Thursday, September 16, 2010
I was driving along in my car yesterday, with my iPod plugged into my stereo, when the old Skeeter Davis song "The End of the World" came on. I got to thinking about how music from that era was made to be heard on a transistor radio. Whenever I hear old '50s or early '60s songs on an old radio, they sound so authentic. They seem to gain something from the static and the scratchy reception.
In fact, one of the things I love about antique stores is that they often have an old radio playing somewhere, usually tuned to an oldies station. Sometimes it's an old '40s playlist, with favorites like Adelaide Hall singing "As Time Goes By." Sometimes it's the '50s, with Johnny Mathis crooning "Misty." Regardless, there's something really charming about the simplicity of a transistor radio.
This is my transistor radio. It's a Panasonic "Panapet 70" radio, also known simply as a ball radio, from the early 1970s. I got it for Christmas in 1974 after begging my parents, all because Denise Long (who lived down the street) had a yellow one that I coveted. It used to have a chain with a ring on the end that you could theoretically use to carry the radio -- but mine broke off, so ultimately maybe that was a bad design idea.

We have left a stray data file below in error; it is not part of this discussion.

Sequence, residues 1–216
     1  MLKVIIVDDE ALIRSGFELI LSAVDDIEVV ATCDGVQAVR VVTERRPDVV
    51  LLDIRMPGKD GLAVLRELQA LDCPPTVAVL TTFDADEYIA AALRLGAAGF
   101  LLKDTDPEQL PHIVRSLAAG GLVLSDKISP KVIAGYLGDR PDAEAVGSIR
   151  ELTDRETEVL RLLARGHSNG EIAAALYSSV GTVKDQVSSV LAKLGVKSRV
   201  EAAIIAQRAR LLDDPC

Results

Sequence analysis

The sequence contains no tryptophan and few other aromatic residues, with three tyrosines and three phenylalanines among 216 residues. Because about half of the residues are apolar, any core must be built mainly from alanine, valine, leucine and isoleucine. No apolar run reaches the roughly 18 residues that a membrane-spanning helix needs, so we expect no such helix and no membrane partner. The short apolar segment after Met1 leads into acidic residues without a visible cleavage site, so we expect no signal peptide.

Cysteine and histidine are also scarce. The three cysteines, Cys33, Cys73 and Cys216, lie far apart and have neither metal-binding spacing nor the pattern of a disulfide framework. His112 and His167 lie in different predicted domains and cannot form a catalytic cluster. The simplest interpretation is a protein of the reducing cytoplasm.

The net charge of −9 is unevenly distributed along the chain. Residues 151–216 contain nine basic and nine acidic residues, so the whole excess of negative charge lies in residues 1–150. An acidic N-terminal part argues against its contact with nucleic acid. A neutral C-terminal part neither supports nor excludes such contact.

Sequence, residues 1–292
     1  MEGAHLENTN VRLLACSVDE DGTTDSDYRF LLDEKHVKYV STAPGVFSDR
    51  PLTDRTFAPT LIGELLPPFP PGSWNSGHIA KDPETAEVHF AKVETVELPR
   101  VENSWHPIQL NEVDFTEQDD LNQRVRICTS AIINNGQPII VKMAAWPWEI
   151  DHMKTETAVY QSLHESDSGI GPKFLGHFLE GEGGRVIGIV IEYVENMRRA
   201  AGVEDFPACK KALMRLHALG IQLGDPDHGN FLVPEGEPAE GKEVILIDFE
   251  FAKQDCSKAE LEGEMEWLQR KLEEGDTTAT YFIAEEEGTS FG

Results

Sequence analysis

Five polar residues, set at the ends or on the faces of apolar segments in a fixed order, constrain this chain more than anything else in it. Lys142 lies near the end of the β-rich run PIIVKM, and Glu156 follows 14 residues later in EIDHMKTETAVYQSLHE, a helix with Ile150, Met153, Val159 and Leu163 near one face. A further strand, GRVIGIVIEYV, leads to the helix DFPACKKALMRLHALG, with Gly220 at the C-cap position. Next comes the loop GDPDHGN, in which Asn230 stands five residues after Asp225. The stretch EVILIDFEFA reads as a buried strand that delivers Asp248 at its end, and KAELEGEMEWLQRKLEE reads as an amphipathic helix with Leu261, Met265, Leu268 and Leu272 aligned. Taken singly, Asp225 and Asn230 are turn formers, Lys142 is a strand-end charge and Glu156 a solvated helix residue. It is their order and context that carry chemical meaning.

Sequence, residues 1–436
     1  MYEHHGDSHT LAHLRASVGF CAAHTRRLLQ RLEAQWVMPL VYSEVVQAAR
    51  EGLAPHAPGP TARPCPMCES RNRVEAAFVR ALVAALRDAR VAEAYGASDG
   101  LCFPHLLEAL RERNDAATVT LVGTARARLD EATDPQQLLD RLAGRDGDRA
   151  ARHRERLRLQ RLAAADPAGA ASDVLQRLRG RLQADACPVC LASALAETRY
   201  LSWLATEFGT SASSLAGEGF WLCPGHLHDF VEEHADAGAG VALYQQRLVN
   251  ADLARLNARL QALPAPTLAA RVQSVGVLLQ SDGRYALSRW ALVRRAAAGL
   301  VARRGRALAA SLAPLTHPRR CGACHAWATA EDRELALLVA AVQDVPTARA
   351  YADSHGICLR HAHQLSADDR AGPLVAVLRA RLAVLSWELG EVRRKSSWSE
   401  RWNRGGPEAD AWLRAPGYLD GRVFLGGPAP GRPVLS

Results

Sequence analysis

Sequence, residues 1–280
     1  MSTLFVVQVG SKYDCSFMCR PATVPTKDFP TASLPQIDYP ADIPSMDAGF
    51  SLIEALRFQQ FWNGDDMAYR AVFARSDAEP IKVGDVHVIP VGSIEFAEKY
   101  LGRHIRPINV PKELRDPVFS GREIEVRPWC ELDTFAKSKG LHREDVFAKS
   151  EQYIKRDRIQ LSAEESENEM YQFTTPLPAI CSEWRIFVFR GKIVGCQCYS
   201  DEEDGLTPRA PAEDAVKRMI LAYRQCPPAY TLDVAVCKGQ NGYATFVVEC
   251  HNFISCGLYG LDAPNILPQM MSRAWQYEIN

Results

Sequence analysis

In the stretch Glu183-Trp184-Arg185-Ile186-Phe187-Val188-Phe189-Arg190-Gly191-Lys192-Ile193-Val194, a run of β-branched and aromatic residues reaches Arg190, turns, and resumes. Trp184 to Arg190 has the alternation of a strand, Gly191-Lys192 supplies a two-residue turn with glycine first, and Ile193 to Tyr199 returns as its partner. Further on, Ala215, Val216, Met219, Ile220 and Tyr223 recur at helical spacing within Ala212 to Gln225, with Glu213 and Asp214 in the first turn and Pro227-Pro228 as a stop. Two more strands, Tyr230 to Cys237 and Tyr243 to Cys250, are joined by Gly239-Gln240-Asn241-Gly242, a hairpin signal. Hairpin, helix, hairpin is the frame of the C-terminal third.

I turned on my old ball radio this afternoon, and it's playing now, tuned to WCTC, an oldies station in nearby Somerset, N.J. They just finished playing "God Only Knows" by the Beach Boys and "Undun" by the Guess Who, and they're advertising a Tommy James & the Shondells concert coming up in Morristown. (Who knew he was still performing?)
Actually, this was the one music station I could find, and I was thankful for it. Most of AM radio is a wasteland these days, littered with talk stations and sports. I don't know about you, but I don't want to listen to either one.
I wonder if Denise Long still has her Panapet?